Talk about feeling stuck! Peter, Paul and Mary’s distress-call melody, Rock My Soul in the Bosom of Abraham, illuminates a sense of entrapment. “So high I can’t get over it, so low I can’t get under it, so wide I can’t get around it, Oh, rock my soul.” At least that’s the way I interpret those lyrics; someone is crying out.
Loss. That’s how it began; with loss. I lost my mobility for a while—ten years to be exact. I went from a 5k runner to a sedentary pseudo-corpse because my hips were no good. The congenital defect that laid dormant most of my life, woke up, plagued me and had me begging for mercy. So, I experienced my first hip replacement.
The second hip replacement was five years later, but what I’m sharing today is not the life-altering surgeries I had, it’s the stuff in between. When you happily see yourself one way for decades then bam, you must deal with the new version of yourself.
You fill in the blanks: So, I was ______, then I became ______, and it is good. It’s not easy by any means. You must dig deep to accept the new you and believe it is good. Not accepting what you have become is equal to not living and therein lies a whole other sack of worms for another day.
The mental anguish of the loss of mobility I felt, coupled with the physical pain, was humbling. Out of sheer boredom and disgust over what I could no longer do, I picked up a pen. Whoever said writing is cathartic knew their way around frustration. My novel, What Matters Most was written from the standpoint of loss. She had lost everything that meant anything to her just as I felt I had. Thank heavens I speak now from the other side of that ocean of agony. I emerged (with God’s help) a different version of myself, so did my protagonist, Meagan Morris.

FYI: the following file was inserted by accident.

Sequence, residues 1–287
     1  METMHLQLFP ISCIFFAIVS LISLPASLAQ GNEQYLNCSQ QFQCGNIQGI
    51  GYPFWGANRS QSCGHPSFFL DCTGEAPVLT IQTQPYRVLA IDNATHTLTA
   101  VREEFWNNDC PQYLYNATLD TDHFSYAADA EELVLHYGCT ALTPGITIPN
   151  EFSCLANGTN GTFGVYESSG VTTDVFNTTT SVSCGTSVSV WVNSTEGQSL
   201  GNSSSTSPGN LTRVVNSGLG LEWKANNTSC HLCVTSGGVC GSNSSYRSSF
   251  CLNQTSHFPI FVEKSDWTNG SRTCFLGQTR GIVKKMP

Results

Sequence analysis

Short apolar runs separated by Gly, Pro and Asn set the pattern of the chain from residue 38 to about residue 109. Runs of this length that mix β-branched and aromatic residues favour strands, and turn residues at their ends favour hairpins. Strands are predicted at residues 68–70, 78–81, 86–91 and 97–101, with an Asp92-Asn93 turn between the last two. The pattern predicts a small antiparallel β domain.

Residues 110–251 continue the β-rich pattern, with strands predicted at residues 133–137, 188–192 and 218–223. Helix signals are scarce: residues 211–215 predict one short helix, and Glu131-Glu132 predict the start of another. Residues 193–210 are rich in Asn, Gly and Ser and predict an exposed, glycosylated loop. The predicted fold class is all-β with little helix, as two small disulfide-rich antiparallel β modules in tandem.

Meagan didn’t ask for the losses that hit her, beginning at a young age. She coped, endured, sustained and shifted the energy of the loss to things that remained in her life. She took one hour at a time until she could think about taking one day at a time and so on.
I believe there is a “Meagan” inside all of us. Some may view her as an underdog, an unsung heroine or a servant, if they are watching from the outside. Others, familiar with loss, see a realist, a survivor and an independent woman with laser sharp focus on her goals.
If you are familiar with loss and have filled in your won blanks, I'd like to hear from you. Until then, this is Helen Bea Kirk signing out.
Helen Bea Kirk is the author of What Matters Most; a story of reclaiming what's yours.
"I loved the interaction between King and Meagan and how King shows his feelings toward Meagan who secretly feels the same. I'm glad the story ended how it did. A lovely ending for a fantastic story."
Hi, I'm Helen Bea Kirk. Welcome to my blog. I write about what I write about; the motivations behind the script.
"This story made me laugh and smile a lot. It was light hearted in places but also packed a punch too."
"Once I started reading it, I couldn't put it down."
"A Hallmark movie of a book. You knew the ending right from the start, but had no idea how you would get there! The journey was filled with twists, turns, and surprises."
"The story made you think this could be true."
"I loved the author's creative imagination that led me on this amazing adventure and fell in love with the characters. Definitely a must read."
"I enjoyed many aspects about What Matters Most, but most importantly I enjoyed its quick pace. Meagan’s character was one of my favorites."
When your body is miles away from the mainland, immerse your mind in a Helen Bea Kirk adventure!